Voting in Flinders Ranges Council is open to a broad range of people

Barb Walker shared a post. NO Nuclear Waste Dump For South Australia , 1 July 18 
Flinders Ranges residents, Adnyamathanha Yura and property owners, please read this carefully and make sure you are eligible to vote in the upcoming Ballot in August. This notice is specific to the October Council elections but you will still need to do the same checking for the August Ballot before July 31st.

The Flinders Ranges Council  June 15 at 3:58 PM

Voting in council elections is open to a broader range of people than state and federal elections.

The voters’ roll for council elections consists of two components – the House of Assembly (State) roll, and the council supplementary roll.

If you are on the State (House of Assembly) electoral roll you will automatically receive a voting pack in the mail in late October 2018.

If you are not enrolled on the House of Assembly roll you may be eligible to register on the council supplementary roll if:

You have been resident at your current address for one month and are not on the State Electoral Roll;
You are a sole owner/occupier of rateable property;
You are NOT an Australian Citizen but you have been a resident at your current address for one month;
You are a landlord for rateable property;
You are an organisation/business owner or occupier of rateable property; or
You are a group of owners or occupiers of rateable property.

To register for Council’s Supplementary Voters Roll please download the appropriate form from Councils website here:

July 2, 2018 Posted by | politics, South Australia | Leave a comment

Brett Stokes shows how plans for nuclear waste dumping in South Australia have breached S.A. law

Nuclear Waste Storage Facility (Prohibition) Act 2000. – No public money to be used to encourage or finance construction or operation of nuclear
waste storage facility
13. Despite any other Act or law to the contrary, no public money may be appropriated,
expended or advanced to any person for the purpose of encouraging or financing any activity
associated with the construction or operation of a nuclear waste storage facility in this State.

Prohibition against construction or operation of nuclear waste storage facility
8. A person must not construct or operate a nuclear waste storage facility.

Prohibition against importation or transportation of nuclear waste for delivery to nuclear
waste storage facility
9. A person must not—
(a) bring nuclear waste into the State; or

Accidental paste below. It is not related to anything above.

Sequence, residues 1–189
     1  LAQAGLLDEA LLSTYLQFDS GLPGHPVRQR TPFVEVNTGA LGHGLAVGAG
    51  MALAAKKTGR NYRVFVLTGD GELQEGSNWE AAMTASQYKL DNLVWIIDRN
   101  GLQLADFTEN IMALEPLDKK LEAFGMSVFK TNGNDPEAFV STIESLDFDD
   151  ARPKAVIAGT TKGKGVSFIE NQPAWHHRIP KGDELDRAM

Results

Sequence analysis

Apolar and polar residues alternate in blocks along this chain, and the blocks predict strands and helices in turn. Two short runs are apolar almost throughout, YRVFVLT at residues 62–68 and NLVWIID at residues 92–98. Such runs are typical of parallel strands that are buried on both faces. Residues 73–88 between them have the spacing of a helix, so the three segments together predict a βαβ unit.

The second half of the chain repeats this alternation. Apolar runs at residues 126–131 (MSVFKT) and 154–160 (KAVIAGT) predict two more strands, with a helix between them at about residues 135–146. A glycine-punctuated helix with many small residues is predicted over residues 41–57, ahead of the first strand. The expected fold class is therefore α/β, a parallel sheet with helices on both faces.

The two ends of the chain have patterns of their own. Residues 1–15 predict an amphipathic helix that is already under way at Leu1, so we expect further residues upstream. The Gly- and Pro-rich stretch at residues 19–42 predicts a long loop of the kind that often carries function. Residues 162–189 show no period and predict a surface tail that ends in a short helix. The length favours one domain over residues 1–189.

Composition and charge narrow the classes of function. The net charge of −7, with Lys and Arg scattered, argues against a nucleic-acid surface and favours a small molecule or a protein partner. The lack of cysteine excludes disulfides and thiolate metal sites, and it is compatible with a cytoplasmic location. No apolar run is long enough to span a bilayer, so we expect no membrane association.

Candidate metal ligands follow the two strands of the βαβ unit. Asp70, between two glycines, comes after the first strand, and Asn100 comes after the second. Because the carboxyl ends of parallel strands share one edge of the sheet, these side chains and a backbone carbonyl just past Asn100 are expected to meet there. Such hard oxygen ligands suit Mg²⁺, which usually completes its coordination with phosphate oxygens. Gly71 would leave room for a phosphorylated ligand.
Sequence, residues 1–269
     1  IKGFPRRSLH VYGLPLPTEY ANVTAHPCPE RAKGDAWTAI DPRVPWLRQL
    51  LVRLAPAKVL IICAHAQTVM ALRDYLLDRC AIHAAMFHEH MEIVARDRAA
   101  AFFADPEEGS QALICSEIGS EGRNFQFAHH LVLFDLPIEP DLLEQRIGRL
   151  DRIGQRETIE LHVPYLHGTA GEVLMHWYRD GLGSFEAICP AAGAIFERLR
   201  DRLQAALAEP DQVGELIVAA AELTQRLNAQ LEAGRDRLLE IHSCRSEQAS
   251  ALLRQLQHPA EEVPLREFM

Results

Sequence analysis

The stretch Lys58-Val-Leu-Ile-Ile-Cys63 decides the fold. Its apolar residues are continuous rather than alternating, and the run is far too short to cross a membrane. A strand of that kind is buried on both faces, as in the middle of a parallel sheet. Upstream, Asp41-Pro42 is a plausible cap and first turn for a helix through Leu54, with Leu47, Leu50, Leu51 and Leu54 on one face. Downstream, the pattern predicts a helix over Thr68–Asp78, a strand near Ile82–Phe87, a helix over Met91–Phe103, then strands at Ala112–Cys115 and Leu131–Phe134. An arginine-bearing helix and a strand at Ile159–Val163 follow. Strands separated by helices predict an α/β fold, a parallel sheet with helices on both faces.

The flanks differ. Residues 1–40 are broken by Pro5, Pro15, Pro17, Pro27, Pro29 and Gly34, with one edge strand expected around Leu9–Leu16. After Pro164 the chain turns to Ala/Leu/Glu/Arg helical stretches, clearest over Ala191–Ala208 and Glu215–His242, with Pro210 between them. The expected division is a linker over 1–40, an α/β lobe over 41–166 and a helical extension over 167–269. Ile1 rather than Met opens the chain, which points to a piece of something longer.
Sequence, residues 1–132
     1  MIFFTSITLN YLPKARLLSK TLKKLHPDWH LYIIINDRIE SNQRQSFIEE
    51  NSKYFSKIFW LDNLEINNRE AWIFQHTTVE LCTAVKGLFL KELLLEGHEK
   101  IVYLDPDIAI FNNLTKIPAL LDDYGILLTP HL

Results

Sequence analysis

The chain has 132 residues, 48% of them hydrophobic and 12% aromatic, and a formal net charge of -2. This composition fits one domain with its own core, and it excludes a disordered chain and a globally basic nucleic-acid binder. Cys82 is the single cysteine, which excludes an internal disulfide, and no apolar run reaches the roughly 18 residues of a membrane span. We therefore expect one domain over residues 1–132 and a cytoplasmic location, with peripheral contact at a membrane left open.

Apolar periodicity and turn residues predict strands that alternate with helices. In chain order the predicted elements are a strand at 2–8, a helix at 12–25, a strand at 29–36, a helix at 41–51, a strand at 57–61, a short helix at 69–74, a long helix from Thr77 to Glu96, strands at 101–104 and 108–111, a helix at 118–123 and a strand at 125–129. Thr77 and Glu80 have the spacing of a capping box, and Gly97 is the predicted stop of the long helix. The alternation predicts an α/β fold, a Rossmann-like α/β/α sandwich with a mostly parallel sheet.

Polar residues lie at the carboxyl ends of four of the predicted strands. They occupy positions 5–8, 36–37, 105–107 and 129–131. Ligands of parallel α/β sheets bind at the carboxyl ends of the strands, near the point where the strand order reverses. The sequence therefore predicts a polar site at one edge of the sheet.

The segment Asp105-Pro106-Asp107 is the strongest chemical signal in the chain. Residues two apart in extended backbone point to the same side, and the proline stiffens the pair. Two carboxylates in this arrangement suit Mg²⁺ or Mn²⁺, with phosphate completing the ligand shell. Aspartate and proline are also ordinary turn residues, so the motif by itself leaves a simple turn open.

(b) transport nuclear waste within the State,
for delivery to a nuclear waste storage facility in the State


Brett Stokes – Appendices to Submission to Senate on Selection process for a national radioactive waste management facility in South Australia 

Appendix A

Breaches of s13 of the NWSF(P) Act 2000:

During 2015 and 2016, s13 has been breached by spending of public money on many promotional and planning aspects of nuclear waste importation, in particular the “Business Case” prepared by JacobsMCM for Kevin Scarce (Attorney General’s Department tender AGD 027852).

This “single-quote” Business Case document has been criticised because it was prepared by people with vested interests.

This “single-quote” Business Case document contains economic predictions which have been challenged by UniSA economists Barbara Pocock and Richard Blandy and by many others.

These economic predictions have been promoted as “facts” by Kevin Scarce and associates.

The amendment to s13 in early 2016 did not allow “spruiking” for nuclear waste importation, said Mark Parnell MLC.

– “The law now says that the Government can use public money to consult the community but they’re not to use public money for promoting or designing or even buying land for a nuclear waste dump.” – Mark Parnell MLC, April 2016

Many people have spoken out about the biased information and processes involved with the public funded Nuclear Schools Engagement Program, the public funded KNOW Nuclear advertising campaign, the public funded Your Say Nuclear advertising campaign and the public funded Nuclear Citizens Juries.

Therefore s13 has been breached during 2016 by participants in the Nuclear Schools Engagement Program, the KNOW Nuclear advertising campaign, the Your Say Nuclear advertising campaign and the Nuclear Citizens Juries.

The Nuclear Schools Engagement Program involved indoctrination of young children who were not all fooled:

“Listen to us more rather than spend days like today talking to us. Answer questions that deal with the negatives. Many questions were dodged by the experts.” Mt Lofty/Bridgewater Primary School.

“The day has provided an opportunity to find out more about nuclear storage in SA, but we feel as though the information has been biased and pro-nuclear” Streaky Bay/Ceduna.

“It was great to be given the opportunity and it was informative but all information has been very bias toward pro-nuclear. The other side needs to be heard!” Cleve Area School and Cowell Area School.

Appendix B

Threats and conspiracy to commit offences prohibited under s8 and s9 of the NWSF(P) Act 2000:

Since early 2016, there has been an open conspiracy to breach s8 and s9, with planning and promotion of importation and storage of nuclear waste into South Australia.

Detailed plans for importation and storage of nuclear waste into South Australia were produced in the “Business Case” prepared by JacobsMCM for Kevin Scarce (Attorney General’s Department tender AGD 027852).

These plans were then promoted by Kevin Scarce and associates.

June 27, 2018 Posted by | Federal nuclear waste dump, South Australia | Leave a comment

Geologists warn that the Barndioota region is a dangerous site for nuclear waste dumping